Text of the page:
The use of video or still photography while investigating crime continues to increase. Darren Chaker notes that “Video surveillance does not in itself violate a reasonable expectation of privacy. It is easy to destroy evidence, but to a picture is still worth a thousand words. Videotaping of suspects in public places, such as banks, does not violate the Fourth Amendment; the police may record what they normally may view with the naked eye. (Citation)” (United States v. Taketa (9th Cir, 1991) 923 F.2nd 665, 667.)
However, in a place where a person has a reasonable expectation of privacy, to videotape him without a court’s authorization (i.e., a search warrant) is illegal. (Id., at pp 675-677.) See P.C. § 632: Illegal eavesdropping on confidential communications. However, a hidden security video camera that takes pictures, but with no sound, is not a violation of section 632, but only because of the lack of a sound-recording capability. (People v. Dremmam (2000) 84 Cal.App.4th 1349.)
A warrantless videotape surveillance in the mailroom of a hospital, open to some 800 hospital employees but not of the defendant’s private workspace, did not violate the defendant’s expectation of privacy and was therefore lawful. (United States v. Gonzalez (9th Cir. 2003) 328 F.3rd 543.)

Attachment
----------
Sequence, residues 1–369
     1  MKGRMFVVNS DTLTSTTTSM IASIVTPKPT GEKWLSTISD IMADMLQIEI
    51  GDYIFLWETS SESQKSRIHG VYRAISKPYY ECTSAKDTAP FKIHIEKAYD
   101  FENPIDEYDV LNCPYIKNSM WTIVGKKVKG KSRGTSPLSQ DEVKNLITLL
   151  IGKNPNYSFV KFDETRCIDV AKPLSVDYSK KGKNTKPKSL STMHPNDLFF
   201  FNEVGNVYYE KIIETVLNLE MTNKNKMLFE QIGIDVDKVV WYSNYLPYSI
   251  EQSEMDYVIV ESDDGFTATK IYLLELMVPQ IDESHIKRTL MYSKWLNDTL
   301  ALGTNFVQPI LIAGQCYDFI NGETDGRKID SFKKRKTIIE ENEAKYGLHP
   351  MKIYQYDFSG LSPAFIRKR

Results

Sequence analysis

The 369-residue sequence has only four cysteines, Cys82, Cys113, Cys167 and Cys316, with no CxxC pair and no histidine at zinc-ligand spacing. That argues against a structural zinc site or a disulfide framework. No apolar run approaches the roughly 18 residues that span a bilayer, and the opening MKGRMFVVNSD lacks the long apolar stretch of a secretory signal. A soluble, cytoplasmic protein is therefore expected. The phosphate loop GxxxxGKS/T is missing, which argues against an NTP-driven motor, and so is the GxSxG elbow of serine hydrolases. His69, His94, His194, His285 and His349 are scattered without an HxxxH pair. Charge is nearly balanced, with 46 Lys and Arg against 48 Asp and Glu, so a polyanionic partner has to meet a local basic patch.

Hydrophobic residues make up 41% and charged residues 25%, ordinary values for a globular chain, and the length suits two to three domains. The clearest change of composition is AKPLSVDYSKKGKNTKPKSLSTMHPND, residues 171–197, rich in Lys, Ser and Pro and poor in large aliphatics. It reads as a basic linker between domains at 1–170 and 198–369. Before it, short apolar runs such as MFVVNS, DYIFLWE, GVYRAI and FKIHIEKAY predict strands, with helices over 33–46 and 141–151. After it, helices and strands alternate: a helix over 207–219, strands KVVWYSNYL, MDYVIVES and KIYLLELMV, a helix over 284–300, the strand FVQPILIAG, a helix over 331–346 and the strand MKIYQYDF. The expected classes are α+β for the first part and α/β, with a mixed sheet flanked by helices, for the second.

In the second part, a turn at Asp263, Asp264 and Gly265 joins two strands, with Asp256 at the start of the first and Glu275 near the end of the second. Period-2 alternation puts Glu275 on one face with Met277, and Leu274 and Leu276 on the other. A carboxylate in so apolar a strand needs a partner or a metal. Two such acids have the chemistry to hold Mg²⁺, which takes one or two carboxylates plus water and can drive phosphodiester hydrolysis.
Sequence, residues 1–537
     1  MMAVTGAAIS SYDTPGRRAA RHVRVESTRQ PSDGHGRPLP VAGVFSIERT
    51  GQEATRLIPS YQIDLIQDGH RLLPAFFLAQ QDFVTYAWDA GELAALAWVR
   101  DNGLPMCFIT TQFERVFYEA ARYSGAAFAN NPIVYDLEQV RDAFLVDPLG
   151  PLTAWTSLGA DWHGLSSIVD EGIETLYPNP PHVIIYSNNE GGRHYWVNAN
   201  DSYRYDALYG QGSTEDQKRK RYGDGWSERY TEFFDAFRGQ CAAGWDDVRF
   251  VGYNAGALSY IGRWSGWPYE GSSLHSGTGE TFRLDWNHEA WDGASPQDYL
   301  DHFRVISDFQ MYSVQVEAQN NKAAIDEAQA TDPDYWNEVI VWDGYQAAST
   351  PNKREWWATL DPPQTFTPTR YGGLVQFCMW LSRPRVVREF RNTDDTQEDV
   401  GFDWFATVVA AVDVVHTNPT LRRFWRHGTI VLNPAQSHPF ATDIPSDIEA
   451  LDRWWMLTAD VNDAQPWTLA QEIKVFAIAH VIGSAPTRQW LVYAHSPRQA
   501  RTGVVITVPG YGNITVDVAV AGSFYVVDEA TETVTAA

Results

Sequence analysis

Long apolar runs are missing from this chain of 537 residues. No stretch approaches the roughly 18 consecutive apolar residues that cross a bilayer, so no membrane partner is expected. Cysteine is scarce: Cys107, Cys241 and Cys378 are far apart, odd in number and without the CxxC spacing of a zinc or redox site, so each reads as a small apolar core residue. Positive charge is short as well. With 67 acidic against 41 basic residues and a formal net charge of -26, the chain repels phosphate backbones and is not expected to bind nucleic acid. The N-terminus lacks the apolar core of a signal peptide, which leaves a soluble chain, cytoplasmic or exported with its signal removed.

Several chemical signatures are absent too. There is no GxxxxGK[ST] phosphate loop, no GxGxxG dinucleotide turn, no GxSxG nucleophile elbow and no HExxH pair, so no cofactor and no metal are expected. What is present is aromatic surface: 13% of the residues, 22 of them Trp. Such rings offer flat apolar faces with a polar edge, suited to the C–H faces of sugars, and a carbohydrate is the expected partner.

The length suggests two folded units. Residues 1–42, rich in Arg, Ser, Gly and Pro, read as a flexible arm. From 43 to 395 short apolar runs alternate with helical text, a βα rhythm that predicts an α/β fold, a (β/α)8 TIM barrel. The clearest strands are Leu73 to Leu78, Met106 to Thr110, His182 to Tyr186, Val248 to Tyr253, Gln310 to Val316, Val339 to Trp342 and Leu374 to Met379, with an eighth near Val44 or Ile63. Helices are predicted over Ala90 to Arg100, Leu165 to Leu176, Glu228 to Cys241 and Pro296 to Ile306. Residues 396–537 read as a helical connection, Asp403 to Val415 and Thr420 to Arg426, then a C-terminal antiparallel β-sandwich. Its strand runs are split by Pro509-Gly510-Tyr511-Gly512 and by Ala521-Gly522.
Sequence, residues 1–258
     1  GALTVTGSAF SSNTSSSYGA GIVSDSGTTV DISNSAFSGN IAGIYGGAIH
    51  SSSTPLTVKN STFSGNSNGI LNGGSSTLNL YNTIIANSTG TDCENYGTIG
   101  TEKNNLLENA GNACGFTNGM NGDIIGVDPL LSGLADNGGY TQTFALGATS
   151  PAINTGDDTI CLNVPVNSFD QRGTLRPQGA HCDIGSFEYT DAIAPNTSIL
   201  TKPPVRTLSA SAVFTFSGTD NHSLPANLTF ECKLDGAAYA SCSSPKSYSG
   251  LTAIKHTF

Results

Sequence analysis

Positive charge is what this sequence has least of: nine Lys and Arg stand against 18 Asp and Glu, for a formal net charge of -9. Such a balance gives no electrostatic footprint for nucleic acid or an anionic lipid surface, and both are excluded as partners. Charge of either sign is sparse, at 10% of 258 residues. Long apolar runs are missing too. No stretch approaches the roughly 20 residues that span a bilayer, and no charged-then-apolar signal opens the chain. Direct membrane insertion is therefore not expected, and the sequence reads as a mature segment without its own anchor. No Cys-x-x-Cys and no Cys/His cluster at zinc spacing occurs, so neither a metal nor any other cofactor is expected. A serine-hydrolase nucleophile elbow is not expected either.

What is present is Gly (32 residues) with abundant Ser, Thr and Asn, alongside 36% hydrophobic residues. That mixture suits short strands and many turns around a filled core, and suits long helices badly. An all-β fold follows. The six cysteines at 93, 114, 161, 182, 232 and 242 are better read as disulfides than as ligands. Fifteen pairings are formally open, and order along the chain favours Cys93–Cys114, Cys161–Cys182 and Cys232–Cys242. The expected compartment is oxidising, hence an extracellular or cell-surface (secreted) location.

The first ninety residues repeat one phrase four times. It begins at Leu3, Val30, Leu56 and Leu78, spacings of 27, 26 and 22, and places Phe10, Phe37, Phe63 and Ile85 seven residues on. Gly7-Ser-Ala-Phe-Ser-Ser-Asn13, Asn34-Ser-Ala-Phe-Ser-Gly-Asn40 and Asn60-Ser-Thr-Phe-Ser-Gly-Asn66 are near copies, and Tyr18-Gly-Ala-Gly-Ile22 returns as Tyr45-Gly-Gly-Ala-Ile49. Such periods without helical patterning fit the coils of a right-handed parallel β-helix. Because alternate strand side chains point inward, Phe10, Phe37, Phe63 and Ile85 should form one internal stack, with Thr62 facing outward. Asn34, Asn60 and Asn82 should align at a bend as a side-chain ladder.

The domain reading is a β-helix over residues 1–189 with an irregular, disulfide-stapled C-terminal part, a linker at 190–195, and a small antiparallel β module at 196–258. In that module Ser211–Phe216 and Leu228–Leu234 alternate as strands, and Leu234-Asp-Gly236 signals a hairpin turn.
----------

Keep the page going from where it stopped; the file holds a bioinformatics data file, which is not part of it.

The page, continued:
An En Banc decision of the Supreme Court in Washington state examined this question, and held that no privacy expectations exist in public places. In State v. Glas, the court overturned the criminal conviction of two defendants charged under Washington’s voyeurism statute. State v. Glas, 54 P. 3d 147 (2002). Mr. Sorrells’s arrest came after witnesses reported seeing him standing in a concession line videotaping underneath the skirts of young girls. Appealing their convictions, both Mr. Glas and Mr. Sorrells argued that section 9A.44.115 was misapplied to them because the victims did not have reasonable privacy expectations in public places. Considering that casual intrusions occur frequently when a person ventures out in public, it is illogical that this subsection would apply to public places. Casual surveillance frequently occurs in public. Therefore, Darren Chaker notes that public places could not logically constitute locations where a person could reasonably expect to be safe from casual or hostile intrusion or surveillance. The high court unanimously agreed the state’s voyeurism law “does not apply to actions taken in purely public places.” Considering the decision is not binding on this court, this court need not adhere to the ruling but merely consider the reasoning of the En Banc decision.© 2011 Darren Chaker. All Rights Reserved.